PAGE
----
THUSHARI LIYANAGE, P.D.A.M DALUKWETIYA, E.D.K. EDIRISINGHE, A.I. KARUNARATHNE
In Sri Lanka immature harvesting of black pepper is commonly practiced. Immature berries are the best starting material for oil and oleoresin extraction. Immature pepper harvesting has a huge negative impact on mature pepper industry. In the event of fully matured pepper berry harvesting also a light berry component (< 450 g/L) is recorded during processing which can be identified through gravity separation. This low bulk density pepper berries can be used for extraction of oil and oleoresin.
The study was focused to quantification the heavy berries and light berries yield component at the time of mature pepper harvest in farmer level and determination of oil, oleoresin and piperin content of different grades of three pepper varieties. The Pepper samples were collected from Central Research Station – Matale and Sub Research Station Nillamba. Compared Black pepper varieties/cultivars are Paniyur – 1, TG 7 and UD21. The highest light berry percentage (52%) was observed in Paniyur – 1 (TG7, 22% and UD21, 6%). The highest value of bulk density was shown in grade 1 in all three selections. Grade 1 is more suitable for the black pepper production. It is nearly 50 % of the harvest. Rest of the production in harvest is low bulk density pepper corn component (Grade 2, Grade 3 and Grade 4). The oil, oleoresin and piperin percentages were comparatively higher in grade 2 (< 450 g/L) in all varieties at the time of mature pepper harvest in farmer level. This low bulk density pepper corn can be used for extraction of oil and oleoresin. Furthermore, Variety pannuyr-1 is more suitable for oleoresin extraction and variety TG 7 is suitable for piperin extraction. According to this result can be recommended to industry; gravity separation is essential processing step to do to get low bulk density yield component for extraction as well as to reduce immature pepper harvesting.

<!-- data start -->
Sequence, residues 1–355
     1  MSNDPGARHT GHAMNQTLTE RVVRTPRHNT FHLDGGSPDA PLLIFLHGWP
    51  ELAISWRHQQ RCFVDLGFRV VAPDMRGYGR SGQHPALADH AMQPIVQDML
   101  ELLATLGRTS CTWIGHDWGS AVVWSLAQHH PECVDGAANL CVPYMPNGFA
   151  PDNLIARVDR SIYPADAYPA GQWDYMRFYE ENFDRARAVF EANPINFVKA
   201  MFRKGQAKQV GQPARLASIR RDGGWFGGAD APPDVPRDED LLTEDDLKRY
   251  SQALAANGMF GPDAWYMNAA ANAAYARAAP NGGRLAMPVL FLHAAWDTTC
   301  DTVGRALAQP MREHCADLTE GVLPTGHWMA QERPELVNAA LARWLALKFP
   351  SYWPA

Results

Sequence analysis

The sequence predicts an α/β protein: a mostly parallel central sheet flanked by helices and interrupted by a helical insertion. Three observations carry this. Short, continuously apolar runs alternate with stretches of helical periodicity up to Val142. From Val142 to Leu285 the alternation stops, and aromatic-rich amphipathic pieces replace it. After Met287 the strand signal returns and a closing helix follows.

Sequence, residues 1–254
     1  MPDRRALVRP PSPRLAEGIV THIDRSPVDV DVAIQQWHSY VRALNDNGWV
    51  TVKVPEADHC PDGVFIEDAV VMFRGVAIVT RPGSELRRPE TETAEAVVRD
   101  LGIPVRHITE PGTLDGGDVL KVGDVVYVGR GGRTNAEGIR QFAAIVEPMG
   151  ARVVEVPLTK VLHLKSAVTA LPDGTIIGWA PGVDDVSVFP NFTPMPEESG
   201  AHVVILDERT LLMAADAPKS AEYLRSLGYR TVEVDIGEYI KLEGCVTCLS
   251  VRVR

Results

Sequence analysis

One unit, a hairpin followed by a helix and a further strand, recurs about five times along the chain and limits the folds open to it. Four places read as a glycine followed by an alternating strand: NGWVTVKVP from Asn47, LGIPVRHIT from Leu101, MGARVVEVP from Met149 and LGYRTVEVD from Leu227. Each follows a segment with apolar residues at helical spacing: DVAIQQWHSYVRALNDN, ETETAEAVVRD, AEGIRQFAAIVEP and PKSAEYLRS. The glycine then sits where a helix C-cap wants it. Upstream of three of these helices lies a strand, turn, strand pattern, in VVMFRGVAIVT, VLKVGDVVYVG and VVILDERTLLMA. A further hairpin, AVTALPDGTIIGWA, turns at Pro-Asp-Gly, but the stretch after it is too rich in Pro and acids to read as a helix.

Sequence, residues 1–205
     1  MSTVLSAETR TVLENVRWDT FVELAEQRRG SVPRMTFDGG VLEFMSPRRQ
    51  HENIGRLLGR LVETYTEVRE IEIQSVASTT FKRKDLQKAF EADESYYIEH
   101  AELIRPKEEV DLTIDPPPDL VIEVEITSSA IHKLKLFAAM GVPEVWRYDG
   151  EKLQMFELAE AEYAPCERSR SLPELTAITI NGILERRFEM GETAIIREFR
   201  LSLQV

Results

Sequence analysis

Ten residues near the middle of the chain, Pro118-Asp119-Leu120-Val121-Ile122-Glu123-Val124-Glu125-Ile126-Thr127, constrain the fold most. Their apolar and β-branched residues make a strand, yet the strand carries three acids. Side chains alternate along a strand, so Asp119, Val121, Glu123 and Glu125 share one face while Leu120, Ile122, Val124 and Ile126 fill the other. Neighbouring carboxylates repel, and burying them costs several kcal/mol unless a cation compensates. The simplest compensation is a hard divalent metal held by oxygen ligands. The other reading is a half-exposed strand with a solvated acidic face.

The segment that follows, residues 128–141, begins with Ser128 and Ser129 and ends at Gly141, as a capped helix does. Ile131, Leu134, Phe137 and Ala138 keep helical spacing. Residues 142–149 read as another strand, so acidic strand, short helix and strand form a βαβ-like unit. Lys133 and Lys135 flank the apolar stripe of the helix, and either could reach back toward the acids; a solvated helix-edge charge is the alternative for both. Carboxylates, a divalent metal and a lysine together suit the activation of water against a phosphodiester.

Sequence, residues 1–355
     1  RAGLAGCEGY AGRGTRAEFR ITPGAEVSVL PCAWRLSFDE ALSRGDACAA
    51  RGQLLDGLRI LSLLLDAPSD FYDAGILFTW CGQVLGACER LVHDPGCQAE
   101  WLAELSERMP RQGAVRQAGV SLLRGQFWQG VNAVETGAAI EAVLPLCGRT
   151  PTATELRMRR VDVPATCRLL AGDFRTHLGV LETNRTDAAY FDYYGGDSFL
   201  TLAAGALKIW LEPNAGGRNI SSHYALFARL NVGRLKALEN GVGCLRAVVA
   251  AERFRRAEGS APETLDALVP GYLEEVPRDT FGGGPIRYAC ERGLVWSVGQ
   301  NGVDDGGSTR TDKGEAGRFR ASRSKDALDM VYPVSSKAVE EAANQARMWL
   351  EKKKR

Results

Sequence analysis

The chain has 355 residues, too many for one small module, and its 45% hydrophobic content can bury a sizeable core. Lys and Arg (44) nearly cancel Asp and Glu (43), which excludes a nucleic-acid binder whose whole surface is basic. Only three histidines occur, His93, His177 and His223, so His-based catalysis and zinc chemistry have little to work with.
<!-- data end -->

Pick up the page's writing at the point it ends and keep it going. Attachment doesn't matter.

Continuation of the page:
COMPARISON OF CHEMICAL QUALITIES OF IMPORTED INDIAN AND LOCAL TURMERIC SAMPLES
I.V.A.D.C.S. INDURUWA, K. RAJKUMARand V.P.N. PRASADI
Annual turmeric requirement of Sri Lanka is around 6,800 MT. Sri Lanka imported 4,958 MT of turmeric in 2017 and domestic turmeric production is 1866 MT in the same year. Sri Lanka is one of the major turmeric import country in Asia and mainly imported from India.